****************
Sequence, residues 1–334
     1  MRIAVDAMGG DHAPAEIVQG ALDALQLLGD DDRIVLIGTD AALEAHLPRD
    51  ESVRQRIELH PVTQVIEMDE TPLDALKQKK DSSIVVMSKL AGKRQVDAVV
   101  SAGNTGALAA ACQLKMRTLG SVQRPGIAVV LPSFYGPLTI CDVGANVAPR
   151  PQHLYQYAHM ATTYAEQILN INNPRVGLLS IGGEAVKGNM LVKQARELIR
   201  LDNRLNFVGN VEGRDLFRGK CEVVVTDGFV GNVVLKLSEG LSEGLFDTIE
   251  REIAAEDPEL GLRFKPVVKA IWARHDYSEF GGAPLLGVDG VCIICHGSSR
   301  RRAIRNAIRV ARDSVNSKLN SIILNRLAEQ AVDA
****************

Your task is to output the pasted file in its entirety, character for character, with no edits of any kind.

Sequence, residues 1–334
     1  MRIAVDAMGG DHAPAEIVQG ALDALQLLGD DDRIVLIGTD AALEAHLPRD
    51  ESVRQRIELH PVTQVIEMDE TPLDALKQKK DSSIVVMSKL AGKRQVDAVV
   101  SAGNTGALAA ACQLKMRTLG SVQRPGIAVV LPSFYGPLTI CDVGANVAPR
   151  PQHLYQYAHM ATTYAEQILN INNPRVGLLS IGGEAVKGNM LVKQARELIR
   201  LDNRLNFVGN VEGRDLFRGK CEVVVTDGFV GNVVLKLSEG LSEGLFDTIE
   251  REIAAEDPEL GLRFKPVVKA IWARHDYSEF GGAPLLGVDG VCIICHGSSR
   301  RRAIRNAIRV ARDSVNSKLN SIILNRLAEQ AVDA